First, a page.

HH Sheikha Hoor Al Qasimi

HH Sheikha Hoor Al Qasimi’s on Paying Homage to Middle Eastern Craftsmanship with Qasimi SS22

HH Sheikha Hoor Al Qasimi’s on Paying Homage to Middle Eastern Craftsmanship with Qasimi SS22

Photo: Courtesy of Qasimi
London-based Middle Eastern fashion brand Qasimi’s spring/summer 2022 ready-to-wear collection borrows traditional South Asian, Islamic, and Arab influences. The label’s creative director HH Sheikha Hoor Al Qasimi, daughter of the Ruler of Sharjah, Sheikh Dr Sultan bin Muhammad Al Qasimi who is known for shaping the artistic legacy of Sharjah, looked to her cultural roots for the collection named “Between Ashes and Roses.” In collaboration with Irthi Contemporary Crafts Council, a Sharjah organization dedicated to preserving Emirati hand-weaving techniques and creating a sustainable future for female artisans, the collection juxtaposes the label’s journey forward with its respect for local cultural heritage.
Sheikha Al Qasimi tells Vogue Arabia that she was inspired to work with Irthi after seeing their mission to preserve traditional craft and experimenting with various materials, creating “beautiful, elegant hand made works of art for the last number of years.” She adds, “Irthi is part of Nama Women Advancement Establishment which creates environments to advance gender equity and inclusive economic and social growth. It supports initiatives by women across and engages with grass-roots and international organizations as part of its approach towards developing an ecosystem for women to realize their full potential.”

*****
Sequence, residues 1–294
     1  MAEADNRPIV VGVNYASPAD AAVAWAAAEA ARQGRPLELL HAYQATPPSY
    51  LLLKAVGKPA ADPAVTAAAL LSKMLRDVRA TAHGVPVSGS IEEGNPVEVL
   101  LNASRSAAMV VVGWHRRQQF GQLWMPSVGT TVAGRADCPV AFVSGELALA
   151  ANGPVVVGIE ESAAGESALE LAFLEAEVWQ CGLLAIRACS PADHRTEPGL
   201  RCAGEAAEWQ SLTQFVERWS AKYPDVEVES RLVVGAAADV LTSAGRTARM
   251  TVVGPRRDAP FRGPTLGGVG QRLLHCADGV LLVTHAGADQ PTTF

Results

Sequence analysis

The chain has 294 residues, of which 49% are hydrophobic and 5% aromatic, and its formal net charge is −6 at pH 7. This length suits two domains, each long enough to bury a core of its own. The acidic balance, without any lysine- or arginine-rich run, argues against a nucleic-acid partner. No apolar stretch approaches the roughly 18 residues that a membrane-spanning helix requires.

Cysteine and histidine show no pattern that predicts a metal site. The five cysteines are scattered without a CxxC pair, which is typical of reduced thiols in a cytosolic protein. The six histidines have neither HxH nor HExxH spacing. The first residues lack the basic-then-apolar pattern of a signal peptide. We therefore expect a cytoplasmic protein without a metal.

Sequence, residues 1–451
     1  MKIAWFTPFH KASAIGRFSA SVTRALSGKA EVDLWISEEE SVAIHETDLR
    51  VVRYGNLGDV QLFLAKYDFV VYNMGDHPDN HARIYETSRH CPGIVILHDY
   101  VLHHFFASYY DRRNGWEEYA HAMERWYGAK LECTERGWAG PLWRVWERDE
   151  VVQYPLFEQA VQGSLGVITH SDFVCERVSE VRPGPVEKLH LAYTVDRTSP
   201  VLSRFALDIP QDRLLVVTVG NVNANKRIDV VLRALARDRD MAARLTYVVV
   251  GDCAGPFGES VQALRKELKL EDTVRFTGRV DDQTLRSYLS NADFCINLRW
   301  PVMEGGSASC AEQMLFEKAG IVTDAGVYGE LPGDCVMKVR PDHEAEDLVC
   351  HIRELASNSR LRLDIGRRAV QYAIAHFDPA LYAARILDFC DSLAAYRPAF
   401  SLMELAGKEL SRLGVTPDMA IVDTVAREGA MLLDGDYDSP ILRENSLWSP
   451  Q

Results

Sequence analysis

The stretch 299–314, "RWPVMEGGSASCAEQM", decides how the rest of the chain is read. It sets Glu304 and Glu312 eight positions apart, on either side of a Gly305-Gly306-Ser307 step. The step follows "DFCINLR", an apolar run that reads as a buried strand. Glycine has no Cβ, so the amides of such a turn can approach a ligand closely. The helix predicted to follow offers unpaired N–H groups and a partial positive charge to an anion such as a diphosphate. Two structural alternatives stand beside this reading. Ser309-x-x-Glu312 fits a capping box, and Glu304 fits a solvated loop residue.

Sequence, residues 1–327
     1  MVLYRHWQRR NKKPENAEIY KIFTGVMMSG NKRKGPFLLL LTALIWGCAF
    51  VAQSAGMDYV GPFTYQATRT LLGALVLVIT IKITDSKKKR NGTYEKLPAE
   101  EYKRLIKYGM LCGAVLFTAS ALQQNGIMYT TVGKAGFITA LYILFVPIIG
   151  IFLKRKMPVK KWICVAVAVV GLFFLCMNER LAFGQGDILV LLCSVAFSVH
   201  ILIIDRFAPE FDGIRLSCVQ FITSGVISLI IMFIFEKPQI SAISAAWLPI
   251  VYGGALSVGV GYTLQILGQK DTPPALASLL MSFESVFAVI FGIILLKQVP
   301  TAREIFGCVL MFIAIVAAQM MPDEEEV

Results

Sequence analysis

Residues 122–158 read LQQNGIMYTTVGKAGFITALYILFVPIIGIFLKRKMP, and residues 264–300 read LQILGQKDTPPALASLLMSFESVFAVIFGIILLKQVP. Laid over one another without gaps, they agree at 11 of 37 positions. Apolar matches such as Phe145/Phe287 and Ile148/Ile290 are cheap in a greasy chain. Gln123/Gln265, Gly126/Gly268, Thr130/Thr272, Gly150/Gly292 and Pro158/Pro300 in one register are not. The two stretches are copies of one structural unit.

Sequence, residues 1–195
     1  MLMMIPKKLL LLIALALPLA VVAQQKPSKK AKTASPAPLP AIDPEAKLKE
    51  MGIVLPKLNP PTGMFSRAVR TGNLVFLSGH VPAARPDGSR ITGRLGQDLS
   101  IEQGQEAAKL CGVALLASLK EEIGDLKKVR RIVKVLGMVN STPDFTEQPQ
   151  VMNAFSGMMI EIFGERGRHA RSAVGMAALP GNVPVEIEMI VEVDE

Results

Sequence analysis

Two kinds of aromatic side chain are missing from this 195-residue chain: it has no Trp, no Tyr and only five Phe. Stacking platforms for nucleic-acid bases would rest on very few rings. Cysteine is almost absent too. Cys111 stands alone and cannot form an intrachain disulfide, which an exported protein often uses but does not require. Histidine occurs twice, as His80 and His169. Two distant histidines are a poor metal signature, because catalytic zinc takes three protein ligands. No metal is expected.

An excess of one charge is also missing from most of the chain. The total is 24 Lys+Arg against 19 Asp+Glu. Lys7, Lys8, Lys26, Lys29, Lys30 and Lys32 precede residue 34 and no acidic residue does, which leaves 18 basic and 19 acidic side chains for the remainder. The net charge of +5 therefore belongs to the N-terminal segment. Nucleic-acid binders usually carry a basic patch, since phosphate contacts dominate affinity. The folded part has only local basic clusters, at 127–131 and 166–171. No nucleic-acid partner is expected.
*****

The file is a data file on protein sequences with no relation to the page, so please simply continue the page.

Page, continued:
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The collection’s film is set in the countryside surrounding London, taking place at a modernist masterpiece by architect Sir Raymond McGrath amongst a landscaped idyll. Models can be seen sporting garments and accessories that nod to Islamic architecture combined with modernist creative aesthetics.
Between Ashes and Roses takes its name from the words of Syrian poet Adunis, who wrote the poem of the same name during the wake of the Six-Day War of 1967. The season’s minimal aesthetic and oversized shapes draws parallels between muqarnas, a geometric style of vaulting found in Islamic architecture, and monochromatic brickwork, found in Middle Eastern architecture, to develop a luxurious cotton jacquard weave translating the brick relief into the embossing and deboss­ing of woven yarns.
Photo: Courtesy of Qasimi
The womenswear is cut slightly closer to the body for some silhouettes, where tailoring precision is counterbalanced by sportswear detailing: a cinched jacket is made more comfortable with an elasticated channel at the back, or strong shoulder construction paired with loose, comfortable drawstring trousers. Sportswear elements are elevated by traditional craft techniques such as safeefah – a dried palm fronds weave native to the Emirates. It can be found on the men’s denim jacket, and the women’s cropped jacket and skirt, as pockets, and on tasseled tote bags.